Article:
Two races were run on Saturday; a full-loop/paperclip "G" course and a "K" course which was sort of an old Olympic style course with a triangle and a loop. However, the way the course for the second race was set caused a lot of confusion, because the race committee had previously flown another course signal, then quickly lowered the old course flags and raised the new course flags, immediately sounding the horn for the warning signal. With the rain, waves, and strong wind, many of the boats were too far away from the committee boat, and then too busy avoiding other boats during the five-minute-sequence, to get a good look at the flag or even realize that the course had been changed.
So, we played follow the leader, and had to guess which leader was correct at one point when the two boats ahead of us chose differently. Fortunately, at least we figured out the course as we went, which was good for the boats behind us as well as our crew. We had great difficulty with pointing, and sagged quite far to leeward on the last big upwind leg, which was more of a reach than a beat. As a result, even though the fleet leader had at one point gone the wrong way and fallen behind us, he was able to pass us rather easily.
We survived the race, and had a good sail back to the marina. This sail back, we kept both jib and main up in spite of stiff conditions, which gave us a better balanced boat than if we'd only sailed under one sail. With four crew, we were close enough to maximum crew weight to be able to keep the boat flat enough for comfort and control.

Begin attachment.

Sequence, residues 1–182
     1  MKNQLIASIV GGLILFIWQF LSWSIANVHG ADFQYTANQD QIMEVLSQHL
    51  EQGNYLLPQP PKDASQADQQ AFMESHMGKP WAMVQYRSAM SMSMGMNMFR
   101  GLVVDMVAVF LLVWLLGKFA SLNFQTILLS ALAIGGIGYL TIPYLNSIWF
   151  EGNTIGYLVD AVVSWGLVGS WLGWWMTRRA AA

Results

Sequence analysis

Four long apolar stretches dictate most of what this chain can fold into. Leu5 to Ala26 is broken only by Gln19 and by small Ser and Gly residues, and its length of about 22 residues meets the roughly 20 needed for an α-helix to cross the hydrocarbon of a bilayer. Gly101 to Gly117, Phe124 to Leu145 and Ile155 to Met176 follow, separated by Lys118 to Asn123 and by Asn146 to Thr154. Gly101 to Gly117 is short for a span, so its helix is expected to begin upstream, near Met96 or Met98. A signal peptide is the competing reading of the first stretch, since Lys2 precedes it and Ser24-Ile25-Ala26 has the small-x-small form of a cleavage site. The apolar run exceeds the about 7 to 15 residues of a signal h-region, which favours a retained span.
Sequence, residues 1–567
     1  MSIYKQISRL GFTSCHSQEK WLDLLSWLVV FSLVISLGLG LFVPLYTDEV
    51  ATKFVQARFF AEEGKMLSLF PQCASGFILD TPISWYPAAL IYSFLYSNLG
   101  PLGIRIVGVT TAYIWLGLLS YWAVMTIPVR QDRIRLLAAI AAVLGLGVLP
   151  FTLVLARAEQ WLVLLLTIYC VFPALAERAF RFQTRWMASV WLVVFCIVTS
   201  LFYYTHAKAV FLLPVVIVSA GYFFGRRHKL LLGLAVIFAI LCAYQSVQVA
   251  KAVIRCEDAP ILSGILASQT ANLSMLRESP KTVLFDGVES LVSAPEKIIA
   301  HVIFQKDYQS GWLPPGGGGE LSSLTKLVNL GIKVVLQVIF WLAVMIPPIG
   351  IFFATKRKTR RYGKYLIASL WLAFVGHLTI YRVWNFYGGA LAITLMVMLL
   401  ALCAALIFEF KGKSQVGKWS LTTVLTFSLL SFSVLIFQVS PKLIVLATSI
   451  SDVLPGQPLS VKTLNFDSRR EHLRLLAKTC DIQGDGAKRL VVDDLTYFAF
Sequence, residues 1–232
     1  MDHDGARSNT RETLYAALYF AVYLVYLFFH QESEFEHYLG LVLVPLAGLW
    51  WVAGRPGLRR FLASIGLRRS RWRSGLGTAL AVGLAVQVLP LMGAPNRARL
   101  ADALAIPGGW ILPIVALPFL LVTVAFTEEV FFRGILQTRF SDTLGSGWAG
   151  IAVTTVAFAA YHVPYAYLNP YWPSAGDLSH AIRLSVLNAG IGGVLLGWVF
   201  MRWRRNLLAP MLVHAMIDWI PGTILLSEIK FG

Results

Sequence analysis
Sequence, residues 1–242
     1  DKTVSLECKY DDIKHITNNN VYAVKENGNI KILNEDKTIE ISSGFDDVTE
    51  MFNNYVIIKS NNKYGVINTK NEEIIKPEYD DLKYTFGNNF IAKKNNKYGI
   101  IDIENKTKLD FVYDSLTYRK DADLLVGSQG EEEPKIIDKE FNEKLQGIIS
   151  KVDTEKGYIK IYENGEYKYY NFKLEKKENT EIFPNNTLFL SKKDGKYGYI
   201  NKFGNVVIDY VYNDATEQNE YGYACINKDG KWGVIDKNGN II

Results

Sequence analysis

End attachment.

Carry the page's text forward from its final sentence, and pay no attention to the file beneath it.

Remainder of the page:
Afterwards we critiqued our errors. We also learned that our distorted/spread apart tuning gage was nearly useless; when our shrouds were checked by Zorro, he found that our tensions were far off where we'd set them; one upper shroud measured at 15, which is not even sufficient for light air sailing, when our crew thought the shroud had been set at 22. And, when we realized the wind was going to stay stiff, we should have re-tuned the upper shrouds to 25 or moreand brought the lowers from 5 to something like 15. This likely accounted for a lot of trouble we had in pointing.
That night we had dinner at Casa Taco and then went home for a desperately needed rest. Unfortunately for our health and sanity, the rat pack had other plans and we finally had to shoo them out after they noisily invaded us after closing down one of the local taverns. That left us awfully blearly eyed and running behind on Sunday morning.